Others aren't so sure about the endotoxin angle. Scott T. Weiss, a professor of medicine at Harvard Medical School who recently wrote an editorial on the topic for the New England Journal of Medicine, said more work needs to be done to pin down whether other factors in the environment may be involved. For example, he asked, what substances interact with endotoxins to stimulate the immune system, and does one need to be infected by an endotoxin, or just exposed?
"I think this is an area where we're going to be making a lot of progress -- but it's still too early to know what's going on," cautioned Weiss.
Other scientists are wary of the hygiene hypothesis altogether.
"It just doesn't tie everything together. Like all theories in medicine, there are a lot of inconsistencies," said Robert A. Wood, an associate professor of pediatrics at the Johns Hopkins University School of Medicine. Wood was lead investigator of a study showing that mouse allergen, in the form of urine or dander, is widely distributed in the inner city and may be a significant contributing factor to the childhood asthma epidemic in urban areas.
Wood said inner-city populations don't experience the protective effects of exposure reported in many of the recent studies on allergy and immunity. And under the hygiene hypothesis, he said, they should -- since their conditions are not unusually clean (not unlike the farm settings) and involve many people packed into a small space (not unlike the day-care environment). But asthma and allergies among inner-city groups, he said, are "off the scale."
Clean Is Good, Too
Though the hygiene hypothesis holds that getting rid of infectious microbes has weakened our immunity apparatus, the upside of such eradication cannot be overlooked, says Marshall Plaut, chief of allergic mechanisms at the National Institute of Allergy and Infectious Diseases, a unit of the National Institutes of Health.
"Reduced exposure to microbial products is not a stupid idea," said Plaut. "It's a good idea sometimes and an absolutely crucial idea at other times. Is there a level of exposure that would protect us from bad infections but wouldn't change our likelihood of developing immunity to allergies? That's something we don't know yet."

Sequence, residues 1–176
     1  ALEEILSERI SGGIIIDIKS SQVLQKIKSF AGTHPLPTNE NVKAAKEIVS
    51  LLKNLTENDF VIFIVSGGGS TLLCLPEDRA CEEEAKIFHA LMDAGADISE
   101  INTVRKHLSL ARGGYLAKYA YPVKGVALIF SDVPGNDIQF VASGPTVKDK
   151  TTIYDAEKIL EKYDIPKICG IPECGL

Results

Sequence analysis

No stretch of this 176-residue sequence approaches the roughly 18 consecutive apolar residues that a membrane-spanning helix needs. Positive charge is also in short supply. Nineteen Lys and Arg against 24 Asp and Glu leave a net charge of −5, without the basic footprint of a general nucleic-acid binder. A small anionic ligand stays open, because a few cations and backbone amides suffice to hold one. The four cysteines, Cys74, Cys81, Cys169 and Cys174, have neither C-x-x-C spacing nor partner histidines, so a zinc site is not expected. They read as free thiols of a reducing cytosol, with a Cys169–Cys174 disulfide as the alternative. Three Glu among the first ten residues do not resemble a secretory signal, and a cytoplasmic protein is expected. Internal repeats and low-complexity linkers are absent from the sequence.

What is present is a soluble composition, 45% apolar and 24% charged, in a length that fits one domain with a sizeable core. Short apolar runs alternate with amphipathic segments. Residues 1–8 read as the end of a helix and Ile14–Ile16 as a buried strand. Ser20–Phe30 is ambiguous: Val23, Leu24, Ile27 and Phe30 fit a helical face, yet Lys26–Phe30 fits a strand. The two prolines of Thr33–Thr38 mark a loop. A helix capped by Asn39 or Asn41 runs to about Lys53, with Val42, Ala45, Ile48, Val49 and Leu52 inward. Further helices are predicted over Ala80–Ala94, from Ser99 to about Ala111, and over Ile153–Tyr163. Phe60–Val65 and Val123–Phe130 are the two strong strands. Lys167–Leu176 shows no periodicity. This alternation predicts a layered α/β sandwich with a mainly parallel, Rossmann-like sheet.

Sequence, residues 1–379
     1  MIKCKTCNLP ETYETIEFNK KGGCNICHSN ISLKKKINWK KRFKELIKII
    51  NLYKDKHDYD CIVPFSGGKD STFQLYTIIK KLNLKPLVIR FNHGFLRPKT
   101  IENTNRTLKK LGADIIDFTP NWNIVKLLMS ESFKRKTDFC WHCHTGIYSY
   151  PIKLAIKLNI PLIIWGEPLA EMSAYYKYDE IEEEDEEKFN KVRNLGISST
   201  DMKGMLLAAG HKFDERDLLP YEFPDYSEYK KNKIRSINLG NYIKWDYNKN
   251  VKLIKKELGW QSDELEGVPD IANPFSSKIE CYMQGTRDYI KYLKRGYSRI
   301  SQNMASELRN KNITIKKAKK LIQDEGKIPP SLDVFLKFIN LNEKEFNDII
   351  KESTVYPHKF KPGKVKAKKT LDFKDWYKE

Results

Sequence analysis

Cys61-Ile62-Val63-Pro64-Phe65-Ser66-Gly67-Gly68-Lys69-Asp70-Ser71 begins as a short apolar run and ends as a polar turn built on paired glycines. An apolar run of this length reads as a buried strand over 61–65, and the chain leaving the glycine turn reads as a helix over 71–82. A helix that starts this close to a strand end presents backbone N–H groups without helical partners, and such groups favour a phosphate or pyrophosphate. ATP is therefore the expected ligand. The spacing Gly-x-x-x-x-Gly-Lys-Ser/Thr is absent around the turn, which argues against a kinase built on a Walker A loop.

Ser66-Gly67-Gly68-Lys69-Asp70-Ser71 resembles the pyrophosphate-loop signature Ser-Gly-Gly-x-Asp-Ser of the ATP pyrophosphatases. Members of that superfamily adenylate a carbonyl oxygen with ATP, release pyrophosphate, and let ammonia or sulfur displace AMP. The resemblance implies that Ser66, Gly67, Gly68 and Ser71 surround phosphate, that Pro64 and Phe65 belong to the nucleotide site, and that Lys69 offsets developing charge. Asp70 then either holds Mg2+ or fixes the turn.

Plaut said he wonders whether the children in the recent studies got infections that were just not part of the data set. And if so, he asked, what's better -- a less-than-tidy environment that protects from asthma but is rife with infection, or an infection-free zone that may promote allergies?
"We don't know if they [the participants in the studies] could have other problems that could be worse, or long-term complications from infections," said Plaut.
Other experts have problems not with the theories but with the studies themselves. Some were surveys, not controlled scientific studies, these critics say. They lack sufficient detail in some cases.
More Dirt Needed
Since no scientists are quite ready to recommend a retreat from high standards of hygiene based on the recent research, all are waiting for more highly refined studies to be completed. Ownby said he and researcher Christine Johnson just got a grant to expand their dog-and-cat research. They plan to choose 3,000 children to study early next year. Meantime, Weiss and researcher Fernando Martinez are attempting to sequence the genes that may be involved in the allergy-immunity process. Also, Weiss is looking at diet and how fatty acids and antioxidants may affect immunity to allergy and asthma.
Once these and other projects are completed over the next five years, researchers are hoping to develop a vaccine of sorts that would ensure immunity to allergies and asthma without requiring families to live with 101 Dalmations. Supporters say that's about 10 years away.
For now, researchers urge parents to not do anything drastic, like consider day care a form of disease prevention or farming a health insurance plan.
And they are especially hopeful that parents don't run out to get a pet for children who are already asthmatic or have allergies. This will do more harm than good, said Wood.
That said, the thinking has changed when it comes to what doctors advise for parents who are wondering whether to get a pet. Instead of telling them to steer clear of pets for fear of allergies in their babies, Wood now tells parents the evidence is unclear; even he acknowledges it may sometimes be beneficial to have a dog or cat that occasionally gives the baby a kiss.
And if the hygiene hypothesis hold true, what sort of soaps should you use to wash the baby and clean the house? Any kind you want.
"What kind of soap you use is not going to make a difference one way or the other," said Weiss.
For now, scientists are careful to refrain from saying much more.
"I just don't think we know enough yet for me to say, 'Take two dogs and call me in the morning,' " said Weiss. "On my desk, I have a picture of my two sons standing on a giant pile of manure in hip boots, visiting their babysitter's farm," said Weiss. "But I don't think any of us are ready to make public health recommendations that people go do the same thing on a regular basis."
Suz Redfearn is a regular contributor to the Health section.